Catalogue

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The Vatican, the bishops, and Irish politics, 1919-39 /
Dermot Keogh.
imprint
Cambridge [Cambridgeshire] ; New York : Cambridge University Press, 1986.
description
xvi, 304 p. : ill. ; 24 cm.
ISBN
0521301297
format(s)
Book
Holdings
More Details
imprint
Cambridge [Cambridgeshire] ; New York : Cambridge University Press, 1986.
isbn
0521301297
general note
Includes index.
catalogue key
3447963
 
Bibliography: p. 281-294.
A Look Inside
Full Text Reviews
Appeared in Choice on 1986-09:
As the author notes, this book complements other studies of Irish church-state relations, which complicates the review process; it is perhaps better to consider how this study stands on its own. After a murky first chapter, the narrative line clears and the author engrossingly weaves his way through the Anglo-Irish War, the Treaty of 1921, establishment of the Irish Free State, the Civil War, the transfer of power from Cosgrave to de Valera, and Vatican-Irish-British relations, including coverage of the personal and political splits within and between Irish republicans and clergy. Regrettably, Keogh occasionally engages in the historian's predilection for overdescribing and underanalyzing events and individuals. This is evident in his later chapters, particularly as regards the drafting and adoption of the 1937 constitution. For instance, one unaddressed question is: How did the decision to write a new constitute emerge? Little attention and no elaboration are devoted to the thinking of de Valera, his supporters and opponents, the Irish clergy, and the Vatican on the effect of the new constitution on Catholic-Protestant relations within the Free State and Northern Ireland, as well as on North-South and Anglo-Irish relations. Both politicians and clerics were clearly aware of such considerations, but chose to ignore them. Analysis of their thinking would have been helpful. Despite these comments, this book would be a solid addition to academic libraries with collections in Irish history and politics or church-state relations. However, its classroom potential, even at the advanced graduate level, would be limited.-L.E. Dutter, University of Illinois at Chicago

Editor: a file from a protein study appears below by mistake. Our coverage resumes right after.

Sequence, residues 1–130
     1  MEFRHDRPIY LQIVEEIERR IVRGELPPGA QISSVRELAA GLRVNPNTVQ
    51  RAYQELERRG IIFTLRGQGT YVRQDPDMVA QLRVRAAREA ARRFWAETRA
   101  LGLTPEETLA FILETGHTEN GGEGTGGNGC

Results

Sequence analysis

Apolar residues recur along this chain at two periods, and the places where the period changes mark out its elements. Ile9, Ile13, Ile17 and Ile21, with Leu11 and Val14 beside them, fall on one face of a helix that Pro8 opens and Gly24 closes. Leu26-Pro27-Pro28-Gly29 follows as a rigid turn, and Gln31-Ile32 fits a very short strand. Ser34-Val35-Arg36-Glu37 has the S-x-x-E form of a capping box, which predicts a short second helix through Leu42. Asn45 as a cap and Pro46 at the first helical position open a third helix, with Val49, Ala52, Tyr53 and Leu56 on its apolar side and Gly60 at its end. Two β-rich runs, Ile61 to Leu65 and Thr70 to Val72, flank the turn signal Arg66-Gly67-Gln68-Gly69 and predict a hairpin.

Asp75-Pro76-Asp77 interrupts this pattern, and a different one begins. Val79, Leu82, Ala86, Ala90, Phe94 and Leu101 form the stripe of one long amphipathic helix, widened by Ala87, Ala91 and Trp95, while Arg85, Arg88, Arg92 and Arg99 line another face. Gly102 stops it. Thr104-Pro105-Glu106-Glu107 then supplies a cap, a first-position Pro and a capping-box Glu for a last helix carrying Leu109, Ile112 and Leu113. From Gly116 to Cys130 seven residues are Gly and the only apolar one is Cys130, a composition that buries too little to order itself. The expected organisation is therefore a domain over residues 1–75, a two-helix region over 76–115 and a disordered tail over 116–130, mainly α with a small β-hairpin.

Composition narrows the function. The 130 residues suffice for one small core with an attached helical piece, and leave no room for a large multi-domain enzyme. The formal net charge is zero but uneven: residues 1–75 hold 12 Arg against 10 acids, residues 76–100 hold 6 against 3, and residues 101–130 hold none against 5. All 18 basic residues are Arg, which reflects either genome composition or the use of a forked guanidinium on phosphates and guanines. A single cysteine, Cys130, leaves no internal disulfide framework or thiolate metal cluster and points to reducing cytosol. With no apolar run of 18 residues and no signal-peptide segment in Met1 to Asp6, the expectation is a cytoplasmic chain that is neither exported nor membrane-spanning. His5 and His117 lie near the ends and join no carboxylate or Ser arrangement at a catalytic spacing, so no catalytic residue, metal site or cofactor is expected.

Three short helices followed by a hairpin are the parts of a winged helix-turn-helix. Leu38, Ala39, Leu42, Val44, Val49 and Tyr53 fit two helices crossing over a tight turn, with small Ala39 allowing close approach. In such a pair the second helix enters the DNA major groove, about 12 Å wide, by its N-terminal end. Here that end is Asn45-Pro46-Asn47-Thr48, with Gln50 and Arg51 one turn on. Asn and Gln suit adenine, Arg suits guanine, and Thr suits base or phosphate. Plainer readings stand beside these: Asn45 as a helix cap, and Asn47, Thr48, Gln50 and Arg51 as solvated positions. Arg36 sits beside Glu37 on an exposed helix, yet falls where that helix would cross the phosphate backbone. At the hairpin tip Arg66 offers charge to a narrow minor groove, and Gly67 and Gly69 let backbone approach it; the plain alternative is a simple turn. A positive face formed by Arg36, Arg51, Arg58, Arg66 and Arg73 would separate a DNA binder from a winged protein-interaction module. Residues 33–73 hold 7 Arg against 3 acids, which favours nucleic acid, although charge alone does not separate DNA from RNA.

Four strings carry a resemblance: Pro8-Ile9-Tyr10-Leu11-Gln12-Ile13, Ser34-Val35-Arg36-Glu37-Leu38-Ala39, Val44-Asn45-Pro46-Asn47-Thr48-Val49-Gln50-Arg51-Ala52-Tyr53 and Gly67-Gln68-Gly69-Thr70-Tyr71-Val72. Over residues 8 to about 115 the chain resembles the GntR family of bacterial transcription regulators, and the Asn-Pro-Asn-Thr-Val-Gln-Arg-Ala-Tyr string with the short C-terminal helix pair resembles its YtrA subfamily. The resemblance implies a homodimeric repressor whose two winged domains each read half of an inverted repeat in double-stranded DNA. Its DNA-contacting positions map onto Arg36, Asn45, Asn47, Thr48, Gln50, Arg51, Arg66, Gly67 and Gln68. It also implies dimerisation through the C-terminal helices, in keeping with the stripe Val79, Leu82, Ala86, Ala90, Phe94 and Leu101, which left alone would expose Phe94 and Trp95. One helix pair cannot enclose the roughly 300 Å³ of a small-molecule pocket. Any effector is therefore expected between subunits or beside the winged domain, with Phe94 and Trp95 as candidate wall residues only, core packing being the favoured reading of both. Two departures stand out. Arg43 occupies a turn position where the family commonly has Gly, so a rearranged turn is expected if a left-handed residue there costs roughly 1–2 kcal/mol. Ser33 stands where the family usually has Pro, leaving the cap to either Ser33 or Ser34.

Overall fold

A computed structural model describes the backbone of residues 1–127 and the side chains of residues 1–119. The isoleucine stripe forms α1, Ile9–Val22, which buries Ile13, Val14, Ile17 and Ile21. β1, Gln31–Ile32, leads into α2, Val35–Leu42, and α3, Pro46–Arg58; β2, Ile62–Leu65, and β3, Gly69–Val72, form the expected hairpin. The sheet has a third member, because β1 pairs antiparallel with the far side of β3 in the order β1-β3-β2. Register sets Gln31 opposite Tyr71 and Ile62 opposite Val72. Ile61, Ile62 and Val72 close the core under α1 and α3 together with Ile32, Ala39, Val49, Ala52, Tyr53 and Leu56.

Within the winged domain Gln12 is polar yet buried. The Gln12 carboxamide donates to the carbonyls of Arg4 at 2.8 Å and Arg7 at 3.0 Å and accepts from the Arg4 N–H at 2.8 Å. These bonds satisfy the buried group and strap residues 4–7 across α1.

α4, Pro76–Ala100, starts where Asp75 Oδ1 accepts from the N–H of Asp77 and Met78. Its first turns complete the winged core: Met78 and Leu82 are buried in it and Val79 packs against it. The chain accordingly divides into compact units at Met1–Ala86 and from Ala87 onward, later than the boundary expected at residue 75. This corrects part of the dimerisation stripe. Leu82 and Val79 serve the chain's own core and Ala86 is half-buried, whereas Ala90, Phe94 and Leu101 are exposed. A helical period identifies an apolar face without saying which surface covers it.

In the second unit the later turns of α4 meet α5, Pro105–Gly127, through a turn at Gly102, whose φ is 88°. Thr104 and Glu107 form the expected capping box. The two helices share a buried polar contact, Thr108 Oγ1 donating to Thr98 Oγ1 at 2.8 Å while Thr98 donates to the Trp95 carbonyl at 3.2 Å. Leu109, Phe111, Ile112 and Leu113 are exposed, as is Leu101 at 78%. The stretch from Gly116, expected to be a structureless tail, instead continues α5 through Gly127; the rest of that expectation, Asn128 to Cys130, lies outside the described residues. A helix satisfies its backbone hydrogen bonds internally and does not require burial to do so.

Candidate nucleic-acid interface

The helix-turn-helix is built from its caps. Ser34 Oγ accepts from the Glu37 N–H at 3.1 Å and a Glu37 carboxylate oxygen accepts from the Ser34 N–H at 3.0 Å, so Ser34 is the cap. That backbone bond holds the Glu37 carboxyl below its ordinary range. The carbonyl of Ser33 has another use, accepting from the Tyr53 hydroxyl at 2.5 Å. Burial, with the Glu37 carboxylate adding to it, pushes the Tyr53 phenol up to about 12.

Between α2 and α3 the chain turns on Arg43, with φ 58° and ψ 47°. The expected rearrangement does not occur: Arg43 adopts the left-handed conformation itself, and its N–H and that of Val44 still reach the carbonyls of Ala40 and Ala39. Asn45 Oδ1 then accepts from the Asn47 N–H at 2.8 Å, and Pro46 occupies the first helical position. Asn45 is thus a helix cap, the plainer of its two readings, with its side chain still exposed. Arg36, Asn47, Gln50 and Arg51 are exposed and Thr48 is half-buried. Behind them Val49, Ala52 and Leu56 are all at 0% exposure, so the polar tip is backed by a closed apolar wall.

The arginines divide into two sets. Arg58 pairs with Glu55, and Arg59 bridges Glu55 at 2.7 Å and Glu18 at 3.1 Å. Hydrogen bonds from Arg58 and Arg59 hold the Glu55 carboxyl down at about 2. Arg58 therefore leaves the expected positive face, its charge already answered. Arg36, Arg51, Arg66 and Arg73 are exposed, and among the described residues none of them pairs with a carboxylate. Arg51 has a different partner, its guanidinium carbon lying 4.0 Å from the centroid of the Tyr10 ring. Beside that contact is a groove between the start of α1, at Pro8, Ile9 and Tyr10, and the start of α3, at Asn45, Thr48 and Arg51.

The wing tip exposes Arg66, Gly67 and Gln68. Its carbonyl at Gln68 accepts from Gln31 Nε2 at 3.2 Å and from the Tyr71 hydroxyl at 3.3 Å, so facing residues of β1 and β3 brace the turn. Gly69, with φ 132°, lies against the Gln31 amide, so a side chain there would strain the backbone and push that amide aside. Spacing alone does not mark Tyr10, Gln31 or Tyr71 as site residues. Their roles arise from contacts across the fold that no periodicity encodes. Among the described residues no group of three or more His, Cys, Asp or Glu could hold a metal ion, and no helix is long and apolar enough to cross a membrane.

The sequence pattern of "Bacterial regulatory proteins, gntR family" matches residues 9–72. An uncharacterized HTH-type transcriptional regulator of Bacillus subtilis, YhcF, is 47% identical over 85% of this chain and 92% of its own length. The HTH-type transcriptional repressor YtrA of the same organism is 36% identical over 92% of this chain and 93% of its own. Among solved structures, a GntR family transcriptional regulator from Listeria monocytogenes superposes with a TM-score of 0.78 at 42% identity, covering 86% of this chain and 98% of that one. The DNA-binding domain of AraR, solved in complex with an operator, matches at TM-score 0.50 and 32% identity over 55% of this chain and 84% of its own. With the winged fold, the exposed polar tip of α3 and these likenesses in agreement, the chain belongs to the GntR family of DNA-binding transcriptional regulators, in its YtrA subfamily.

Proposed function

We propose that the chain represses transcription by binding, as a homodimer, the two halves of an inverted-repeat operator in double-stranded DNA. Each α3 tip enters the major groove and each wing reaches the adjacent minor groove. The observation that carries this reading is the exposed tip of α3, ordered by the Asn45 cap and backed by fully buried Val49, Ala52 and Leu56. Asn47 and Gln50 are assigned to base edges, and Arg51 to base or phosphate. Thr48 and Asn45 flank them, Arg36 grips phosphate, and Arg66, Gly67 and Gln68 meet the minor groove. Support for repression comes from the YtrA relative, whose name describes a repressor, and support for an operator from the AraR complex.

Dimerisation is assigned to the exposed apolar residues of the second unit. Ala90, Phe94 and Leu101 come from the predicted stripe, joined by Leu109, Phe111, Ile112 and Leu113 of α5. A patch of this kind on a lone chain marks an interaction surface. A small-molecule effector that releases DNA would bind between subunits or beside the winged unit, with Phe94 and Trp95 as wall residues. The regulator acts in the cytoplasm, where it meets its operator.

Reviews
This item was reviewed in:
Choice, September 1986
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Summaries
Description for Bookstore
A detailed study of the political relations between church and state in modern Ireland, this work is also an analysis of domestic politics within the context of Anglo-Vatican relations. This book assesses the relative political strength of both the British and the Irish at the Vatican and challenges 'the myth of English dominance over the Papacy'.
Description for Library
A detailed study of the political relations between church and state in modern Ireland, this work is also an analysis of domestic politics within the context of Anglo-Vatican relations. Dealing exclusively with high ecclesiastical politics, it assesses the relative political strength of both the British and the Irish at the Vatican and challenges 'the myth of English dominance over the Papacy'.
Main Description
A detailed study of the political relations between church and state in modern Ireland, this work is also an analysis of domestic politics within the context of Anglo-Vatican relations. Dealing exclusively with high ecclesiastical politics, it assesses the relative political strength of both the British and the Irish at the Vatican and challenges 'the myth of English dominance over the Papacy'. Dermot Keogh traces the 'quiet diplomacy' of bishops, politicians and the Vatican from the turbulent years of 1919-21, through the civil war period and the rule of William T. Cosgrove and Cumann na nGaedheal, to the re-emergence of Eamon de Valera and Fianna Fail as exponents of Catholic nationalism in the 1930s. The book draws extensively on unpublished documents and, for the first time, explores with the aid of primary sources the exchanges between bishops, politicians and the Vatican over a twenty-year period. It is an important contribution to the history of modern Ireland, Irish-Vatican and Anglo-Vatican relations, whose findings will lead to a radical revision of interpretations of Irish church-state relations.
Table of Contents
List of illustrations
Abbreviations
Preface
Introduction
William Walsh and the Anglo-Vatican tradition
The Papacy, the Bishops and the Anglo-Irish war, 1919-1921
The hierarcht and the treaty
The Vatican and the Civil War
Cumann na nGaedheal and the quest for legitimacy
Cosgrave, de Valera and the Confessional challenge
De Valera, Fianna Fail and the catholic church
Conclusion
Appendices
Notes
Bibliography
Index
Table of Contents provided by Publisher. All Rights Reserved.

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